In my work in the past few years, I was working by combining, in different forms, two teams of architects: a small central architecture team and a cross-organizational distributed virtual team. A central architecture team is an enabler for the rest of the organization, supporting other teams and addressing global strategic topics. A distributed virtual architecture team consists of architects (or other people making architecture decisions in their teams) working in local organizational units but spending some time in a virtual team with peers from other teams. Such a distributed virtual architecture team is a crucial element of an architecture function. It provides the connection (grounding) across all parts and levels of the organization, increasing transparency, building people networks, and making it easier to implement change.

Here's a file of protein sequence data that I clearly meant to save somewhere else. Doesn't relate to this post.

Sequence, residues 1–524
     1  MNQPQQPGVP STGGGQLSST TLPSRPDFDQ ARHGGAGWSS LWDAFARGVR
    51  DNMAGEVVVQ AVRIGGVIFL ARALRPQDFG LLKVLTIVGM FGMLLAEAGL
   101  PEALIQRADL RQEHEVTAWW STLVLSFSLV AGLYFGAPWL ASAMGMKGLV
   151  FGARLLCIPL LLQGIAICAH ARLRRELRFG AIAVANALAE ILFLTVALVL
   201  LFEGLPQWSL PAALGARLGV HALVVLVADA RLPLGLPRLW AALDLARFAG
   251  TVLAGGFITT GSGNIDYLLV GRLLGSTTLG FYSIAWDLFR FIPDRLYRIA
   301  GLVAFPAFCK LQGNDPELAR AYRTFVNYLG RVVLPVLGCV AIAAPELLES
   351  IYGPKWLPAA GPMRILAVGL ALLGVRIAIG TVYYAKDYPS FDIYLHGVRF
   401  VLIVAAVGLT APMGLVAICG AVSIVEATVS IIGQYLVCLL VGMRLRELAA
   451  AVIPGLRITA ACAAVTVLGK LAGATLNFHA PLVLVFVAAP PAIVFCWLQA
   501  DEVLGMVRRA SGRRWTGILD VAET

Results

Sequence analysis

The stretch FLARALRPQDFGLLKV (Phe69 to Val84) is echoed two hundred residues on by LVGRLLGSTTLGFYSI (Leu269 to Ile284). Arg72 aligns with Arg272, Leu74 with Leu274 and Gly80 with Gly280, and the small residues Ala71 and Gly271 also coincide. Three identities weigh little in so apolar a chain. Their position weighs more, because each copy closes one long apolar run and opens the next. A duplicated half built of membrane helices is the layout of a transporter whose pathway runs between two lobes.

Background: Central vs. Federated Architecture Function

IT architecture practices generally follow one of two fundamental models: central or federated (Figure 2, McKinsey 2022).

Figure 2: Central vs. Federated Architecture Function.

The central model involves a large-scale central architecture team. The central team typically defines the process for approval of new work and assures adherence by development teams. In this model, development teams have few or no qualified solutions architects. This model also holds centralized infrastructure, operations, and security teams apart from the development function. Control and governance are typically the primary concerns of the central architecture team.